The formation of this triangular land and lasting cultivation upon it has transformed the Red River Delta into a highly anthropocentric rice-based delta. The delta area is affected by climate change variability as externalities, a fast and persistent urban expansion and environmental degradation presenting an increasing socio-ecological vulnerability, involving- biodiversity loss, water stress (mainly pollution and flooding), and social spatial fragmentation. These phenomena increase future uncertainty and local informality. The project calls for an acknowledgement and awareness of the presented systems complexity of this typical monsoon Asian country under such risks.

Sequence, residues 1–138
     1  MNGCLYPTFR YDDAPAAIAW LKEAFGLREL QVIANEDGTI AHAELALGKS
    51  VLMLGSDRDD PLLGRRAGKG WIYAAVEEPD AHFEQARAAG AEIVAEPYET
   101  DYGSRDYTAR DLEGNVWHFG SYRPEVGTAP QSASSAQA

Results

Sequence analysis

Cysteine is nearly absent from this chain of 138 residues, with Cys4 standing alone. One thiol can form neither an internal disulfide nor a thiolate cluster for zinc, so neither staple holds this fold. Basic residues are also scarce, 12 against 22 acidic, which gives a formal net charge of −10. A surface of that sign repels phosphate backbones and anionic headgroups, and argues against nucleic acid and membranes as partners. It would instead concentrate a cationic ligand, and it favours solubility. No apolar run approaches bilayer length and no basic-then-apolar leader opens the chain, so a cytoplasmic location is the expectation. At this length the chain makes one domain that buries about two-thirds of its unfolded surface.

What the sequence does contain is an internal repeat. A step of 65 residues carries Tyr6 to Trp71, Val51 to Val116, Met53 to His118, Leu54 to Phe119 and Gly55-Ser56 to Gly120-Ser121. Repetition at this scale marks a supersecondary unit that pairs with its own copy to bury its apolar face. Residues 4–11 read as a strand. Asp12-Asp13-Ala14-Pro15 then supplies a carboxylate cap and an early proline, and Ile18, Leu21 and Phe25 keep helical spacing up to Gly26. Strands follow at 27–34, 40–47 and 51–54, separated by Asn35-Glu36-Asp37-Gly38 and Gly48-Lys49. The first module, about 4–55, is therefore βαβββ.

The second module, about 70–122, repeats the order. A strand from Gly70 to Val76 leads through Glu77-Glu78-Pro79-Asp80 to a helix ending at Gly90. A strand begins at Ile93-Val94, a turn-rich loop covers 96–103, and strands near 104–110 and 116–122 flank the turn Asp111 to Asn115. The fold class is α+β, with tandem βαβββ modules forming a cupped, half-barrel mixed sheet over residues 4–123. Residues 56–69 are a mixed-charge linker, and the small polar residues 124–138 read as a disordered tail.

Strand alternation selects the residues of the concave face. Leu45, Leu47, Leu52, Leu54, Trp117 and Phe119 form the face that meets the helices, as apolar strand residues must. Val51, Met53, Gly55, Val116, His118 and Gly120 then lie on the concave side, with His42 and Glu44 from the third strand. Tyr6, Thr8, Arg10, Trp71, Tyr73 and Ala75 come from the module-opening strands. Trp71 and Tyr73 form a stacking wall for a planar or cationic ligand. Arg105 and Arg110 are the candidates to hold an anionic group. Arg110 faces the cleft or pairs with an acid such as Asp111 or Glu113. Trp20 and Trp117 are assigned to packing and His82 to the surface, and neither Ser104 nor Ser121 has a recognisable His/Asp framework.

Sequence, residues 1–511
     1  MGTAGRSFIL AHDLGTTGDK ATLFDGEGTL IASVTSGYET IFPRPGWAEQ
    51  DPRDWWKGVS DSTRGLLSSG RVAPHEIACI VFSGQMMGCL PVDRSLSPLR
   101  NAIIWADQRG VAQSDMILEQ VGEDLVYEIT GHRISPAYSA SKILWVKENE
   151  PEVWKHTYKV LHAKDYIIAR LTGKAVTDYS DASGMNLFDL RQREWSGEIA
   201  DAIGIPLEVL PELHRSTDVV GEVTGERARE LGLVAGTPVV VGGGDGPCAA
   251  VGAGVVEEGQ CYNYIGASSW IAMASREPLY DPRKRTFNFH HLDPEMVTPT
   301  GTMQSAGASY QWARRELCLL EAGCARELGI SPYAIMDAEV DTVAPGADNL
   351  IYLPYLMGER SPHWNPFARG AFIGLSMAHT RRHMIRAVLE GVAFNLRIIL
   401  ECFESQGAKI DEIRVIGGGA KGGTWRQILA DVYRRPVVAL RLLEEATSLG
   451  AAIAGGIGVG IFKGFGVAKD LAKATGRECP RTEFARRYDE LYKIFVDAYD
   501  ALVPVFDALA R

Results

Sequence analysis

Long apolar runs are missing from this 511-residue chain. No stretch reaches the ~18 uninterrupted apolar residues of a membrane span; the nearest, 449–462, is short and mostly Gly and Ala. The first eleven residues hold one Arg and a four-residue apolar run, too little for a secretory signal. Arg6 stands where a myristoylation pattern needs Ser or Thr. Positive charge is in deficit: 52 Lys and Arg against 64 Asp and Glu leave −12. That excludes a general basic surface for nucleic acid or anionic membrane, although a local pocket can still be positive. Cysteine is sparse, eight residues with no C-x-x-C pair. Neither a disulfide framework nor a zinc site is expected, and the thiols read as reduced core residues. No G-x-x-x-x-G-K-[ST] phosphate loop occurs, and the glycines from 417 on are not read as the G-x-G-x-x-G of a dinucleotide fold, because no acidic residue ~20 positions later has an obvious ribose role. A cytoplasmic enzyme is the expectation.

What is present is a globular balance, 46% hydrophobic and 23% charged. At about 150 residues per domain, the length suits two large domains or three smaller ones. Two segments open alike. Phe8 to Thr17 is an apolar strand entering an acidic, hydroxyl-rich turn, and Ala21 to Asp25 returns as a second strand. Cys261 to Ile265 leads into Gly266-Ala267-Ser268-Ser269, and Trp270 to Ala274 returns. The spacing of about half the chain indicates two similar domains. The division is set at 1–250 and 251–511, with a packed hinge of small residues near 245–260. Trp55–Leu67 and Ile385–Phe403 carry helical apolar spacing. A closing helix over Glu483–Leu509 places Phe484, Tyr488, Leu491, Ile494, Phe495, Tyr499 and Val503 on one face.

The proposed project focuses mainly on the potential synergy between topos and habitat- flux, translations, and diversity. It is composed of a cycle of reviewing, reorganizing, and resonating, with recasting existing vernacular adaptation strategies. A combination of methods- sections, multi-scalar approach, evaluation frameworks, and dynamic pathways- is used to explore systemic thinking of water consumption, urban occupation, local culture and land cultivation in the area. The possibilities proposed by the project are constructed in order to facilitate an integrated resource co-management through adaptive governance, as to understand evolutionary systems of water, land, and forestry within. By exploring systemic interdependencies in and across systems and stakeholders, the exploratory cycle from local to regional scales by landscape transformation and socio-ecological evaluation reveals a revised relationship with the ground towards socio-ecological resilience.